Undoubtedly, one of the top investment sectors over the last six months is cryptocurrencies. As I write these words, Bitcoin (CCC:BTC-USD) is trading just under the $60,000 level. But because of the law of large numbers, the potential for outsized gains is instead found in crypto-mining specialists, such as Marathon Digital Holdings (NASDAQ:MARA). You only need to glance at the charts for MARA stock to understand the speculative appeal.
Of course, the main obstacle for Marathon and similar investments is that they’re dependent on the health of the virtual currency complex. While it’s possible that MARA stock could rise higher even if cryptocurrencies fade, I believe it’s unlikely. As the last boom-bust cycle demonstrated, volatility in the mining space can be both rapid and brutal.
Still, even with the elevated price of MARA stock, many investors are still willing to bid it up. Largely, this is due to the resilience of Bitcoin and other major blockchain tokens. Despite recent choppy trading, they haven’t fallen off a cliff like some bears feared. Instead, they appear poised for another record-breaking run.
Adding to the optimism are broader fears of inflation. Recently, CNBC published an article reporting that manufacturing “expanded at the fastest pace since December 1983.” In turn, this data suggests that inflation could rise in the months ahead.
Bolstering this argument is the ADP National Employment Report. In March, the economy added 517,000 nonfarm jobs between February and March, suggesting that the jobs report by the U.S. Bureau of Labor Statistics will likewise post strong numbers.
Obviously, more jobs equal more people with discretionary income, boosting dollar supply. In other words, more dollars are chasing fewer goods, which should foster an inflationary environment. That’s great news for cryptocurrencies because they can act as a hedge against inflation.
Watch Inflation Deception for MARA Stock
The dependency problem mentioned above for MARA stock isn’t really an issue during a bull market. If demand rises for crypto tokens, miners will profit from their supply-stoking activities. Again, because of Bitcoin’s resiliency, Marathon shares are in the game despite looking rather stretched.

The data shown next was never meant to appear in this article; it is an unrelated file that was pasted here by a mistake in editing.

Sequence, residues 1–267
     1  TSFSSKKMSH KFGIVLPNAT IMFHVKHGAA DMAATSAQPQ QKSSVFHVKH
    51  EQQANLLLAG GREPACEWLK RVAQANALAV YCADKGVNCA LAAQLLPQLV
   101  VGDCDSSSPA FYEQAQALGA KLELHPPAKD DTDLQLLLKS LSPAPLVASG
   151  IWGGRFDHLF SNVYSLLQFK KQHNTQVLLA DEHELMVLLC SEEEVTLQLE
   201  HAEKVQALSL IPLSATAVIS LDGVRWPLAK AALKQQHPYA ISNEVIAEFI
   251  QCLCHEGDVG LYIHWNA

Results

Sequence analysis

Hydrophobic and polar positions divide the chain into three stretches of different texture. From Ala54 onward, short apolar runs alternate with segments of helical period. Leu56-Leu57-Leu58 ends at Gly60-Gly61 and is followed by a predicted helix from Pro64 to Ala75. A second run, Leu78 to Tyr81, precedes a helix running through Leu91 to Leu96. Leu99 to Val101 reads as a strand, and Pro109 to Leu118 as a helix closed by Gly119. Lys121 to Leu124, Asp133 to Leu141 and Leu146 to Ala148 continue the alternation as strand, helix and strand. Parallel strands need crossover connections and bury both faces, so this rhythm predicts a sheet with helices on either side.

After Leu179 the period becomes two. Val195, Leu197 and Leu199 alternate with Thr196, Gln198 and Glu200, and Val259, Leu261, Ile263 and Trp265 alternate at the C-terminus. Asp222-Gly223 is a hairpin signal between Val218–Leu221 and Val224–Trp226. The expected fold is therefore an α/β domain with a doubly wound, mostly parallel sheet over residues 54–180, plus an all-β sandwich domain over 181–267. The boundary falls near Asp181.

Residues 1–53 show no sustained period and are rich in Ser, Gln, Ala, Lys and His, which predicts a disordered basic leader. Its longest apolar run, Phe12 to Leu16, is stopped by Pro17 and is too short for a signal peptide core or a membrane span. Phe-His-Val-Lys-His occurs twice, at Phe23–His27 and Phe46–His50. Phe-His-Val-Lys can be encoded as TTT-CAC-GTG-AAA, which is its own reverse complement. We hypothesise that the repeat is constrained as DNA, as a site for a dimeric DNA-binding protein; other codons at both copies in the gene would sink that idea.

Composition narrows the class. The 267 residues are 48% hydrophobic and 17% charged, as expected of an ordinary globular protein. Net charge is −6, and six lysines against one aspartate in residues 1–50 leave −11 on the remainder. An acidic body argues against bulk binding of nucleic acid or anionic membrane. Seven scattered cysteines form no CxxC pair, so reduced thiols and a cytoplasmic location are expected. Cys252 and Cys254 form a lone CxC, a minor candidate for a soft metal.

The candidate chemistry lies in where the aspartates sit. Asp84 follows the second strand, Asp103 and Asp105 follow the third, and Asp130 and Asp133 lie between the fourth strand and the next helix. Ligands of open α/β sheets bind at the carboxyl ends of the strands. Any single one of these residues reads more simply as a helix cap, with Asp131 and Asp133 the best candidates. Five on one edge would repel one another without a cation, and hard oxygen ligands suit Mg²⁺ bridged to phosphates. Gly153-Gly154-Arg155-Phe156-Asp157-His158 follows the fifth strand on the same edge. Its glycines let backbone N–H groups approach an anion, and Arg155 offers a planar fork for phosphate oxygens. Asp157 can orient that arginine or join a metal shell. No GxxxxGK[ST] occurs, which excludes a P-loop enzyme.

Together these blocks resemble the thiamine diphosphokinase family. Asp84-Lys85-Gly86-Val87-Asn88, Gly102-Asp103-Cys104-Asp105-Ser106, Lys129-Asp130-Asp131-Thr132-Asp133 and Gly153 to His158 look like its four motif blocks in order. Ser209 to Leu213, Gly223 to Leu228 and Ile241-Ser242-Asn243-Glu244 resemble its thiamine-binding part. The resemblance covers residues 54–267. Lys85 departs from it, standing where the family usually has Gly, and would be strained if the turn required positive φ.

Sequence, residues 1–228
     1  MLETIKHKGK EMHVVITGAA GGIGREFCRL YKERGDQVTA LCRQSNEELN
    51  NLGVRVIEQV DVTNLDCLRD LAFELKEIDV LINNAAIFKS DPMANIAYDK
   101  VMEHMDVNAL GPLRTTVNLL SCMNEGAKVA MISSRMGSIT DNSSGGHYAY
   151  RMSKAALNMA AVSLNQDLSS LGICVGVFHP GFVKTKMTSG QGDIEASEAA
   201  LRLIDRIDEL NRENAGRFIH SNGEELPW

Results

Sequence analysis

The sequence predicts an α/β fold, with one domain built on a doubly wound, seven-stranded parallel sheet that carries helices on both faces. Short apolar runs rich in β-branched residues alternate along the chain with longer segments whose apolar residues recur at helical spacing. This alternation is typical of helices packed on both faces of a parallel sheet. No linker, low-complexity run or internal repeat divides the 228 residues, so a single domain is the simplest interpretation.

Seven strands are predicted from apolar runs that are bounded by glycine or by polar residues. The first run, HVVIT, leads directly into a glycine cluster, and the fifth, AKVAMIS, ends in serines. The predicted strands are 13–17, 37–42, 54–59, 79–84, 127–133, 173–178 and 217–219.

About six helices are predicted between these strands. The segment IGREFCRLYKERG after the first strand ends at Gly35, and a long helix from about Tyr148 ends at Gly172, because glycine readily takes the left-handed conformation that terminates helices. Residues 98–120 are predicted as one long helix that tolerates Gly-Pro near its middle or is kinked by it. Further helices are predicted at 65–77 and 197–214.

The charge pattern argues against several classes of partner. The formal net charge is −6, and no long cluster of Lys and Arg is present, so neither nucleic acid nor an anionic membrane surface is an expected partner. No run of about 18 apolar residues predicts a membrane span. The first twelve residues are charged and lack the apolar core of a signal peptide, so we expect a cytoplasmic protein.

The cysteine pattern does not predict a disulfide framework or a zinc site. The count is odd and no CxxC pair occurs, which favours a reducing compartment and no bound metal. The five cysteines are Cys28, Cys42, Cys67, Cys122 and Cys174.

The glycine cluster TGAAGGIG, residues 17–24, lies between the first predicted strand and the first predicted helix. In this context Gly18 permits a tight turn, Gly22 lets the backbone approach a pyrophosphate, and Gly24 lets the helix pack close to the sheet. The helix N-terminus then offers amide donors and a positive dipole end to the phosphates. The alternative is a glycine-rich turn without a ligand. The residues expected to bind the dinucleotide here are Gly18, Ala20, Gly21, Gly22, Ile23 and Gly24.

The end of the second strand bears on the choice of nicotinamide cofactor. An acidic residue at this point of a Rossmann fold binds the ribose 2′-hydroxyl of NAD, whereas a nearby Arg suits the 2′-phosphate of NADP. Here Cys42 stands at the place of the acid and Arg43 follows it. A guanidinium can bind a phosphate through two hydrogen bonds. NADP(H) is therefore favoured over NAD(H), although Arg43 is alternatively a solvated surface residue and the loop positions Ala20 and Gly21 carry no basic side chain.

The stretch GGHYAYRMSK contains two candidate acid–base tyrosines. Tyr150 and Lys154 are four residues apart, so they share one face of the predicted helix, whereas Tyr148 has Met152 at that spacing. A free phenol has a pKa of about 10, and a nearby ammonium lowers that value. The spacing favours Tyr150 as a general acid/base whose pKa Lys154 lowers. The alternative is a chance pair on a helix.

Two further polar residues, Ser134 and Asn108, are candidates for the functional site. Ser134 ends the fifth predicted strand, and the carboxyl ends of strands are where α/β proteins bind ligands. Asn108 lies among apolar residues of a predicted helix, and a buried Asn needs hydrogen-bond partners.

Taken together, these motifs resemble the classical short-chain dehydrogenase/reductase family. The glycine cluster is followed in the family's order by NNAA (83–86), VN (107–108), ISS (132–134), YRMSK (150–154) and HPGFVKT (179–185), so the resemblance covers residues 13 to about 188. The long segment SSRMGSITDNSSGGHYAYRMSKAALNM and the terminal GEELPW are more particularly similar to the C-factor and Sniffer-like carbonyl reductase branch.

However, I fear that the inflation argument is more hype than reality. For instance, if you look at the details of the ADP report, you’ll notice that it contradicts the CNBC report above. Of the 517,000 jobs added in March, the lion’s share (specifically 84.5%) came from the service-providing sector. Thus, only 80,000 jobs came from the goods-producing sector.
Don’t get me wrong — this is still a solid figure considering the circumstances. But when manufacturing alone only accounts for less than 10% of the total job growth in March, I’m not sure that warrants an inflation spike from a supposed “manufacturing boom.” Put another way, the details underneath the attention-grabbing headlines don’t support the inflation narrative, which isn’t necessarily helpful for MARA stock.
Also, look at who’s doing the hiring. From the ADP report, large businesses contributed the least to March job growth (30%). Instead, small and medium-sized businesses did most of the hiring, which makes sense. As restaurants, movie theaters, hotels and other service-related companies reopen to the public, they need to hire workers. Typically, these are low-income occupations.
For large businesses, firms in this sector overwhelmingly supported work-from-home initiatives. They also received large chunks of relief loans from the federal government. Therefore, big business benefited tremendously (perhaps the most relative to smaller companies) from bailouts, lower overhead and in many cases, automation.
Yet this sector did the least hiring. Guess what, folks? That’s deflationary! Yes, even the employment numbers — when you drill into the details — scream deflation, not inflation.
Leave Some Room for Crazy
One of the most-cited retorts against excessive speculation is that eventually, the fundamentals will matter. But the question of the day is, do the fundamentals matter now for MARA stock and the underlying cryptocurrency complex? I’m not sure.
If you want my opinion, I think the crypto market is getting way ahead of itself, especially with deflationary pressures being the dominant force in the economy. For additional confirmation, look at the precious metals sector. If inflation was imminent, you’d think that the smart money would pile into safe-haven assets. They’re not.
Nevertheless, I saw enough crazy over the past few months to know that you can’t take anything off the table. Therefore, in order to conservatively navigate these treacherous waters, I’ve “spiritually” straddled my crypto holdings with a short position in MARA stock while leaving many of my crypto coins untouched.
No, I don’t hate Marathon Digital Holdings. But given the extreme boom-bust cycle of digital assets, I’m doing what I need to do to protect myself.
On the date of publication, Josh Enomoto held a short position on MARA and a long position on BTC.
A former senior business analyst for Sony Electronics, Josh Enomoto has helped broker major contracts with Fortune Global 500 companies. Over the past several years, he has delivered unique, critical insights for the investment markets, as well as various other industries including legal, construction management, and healthcare.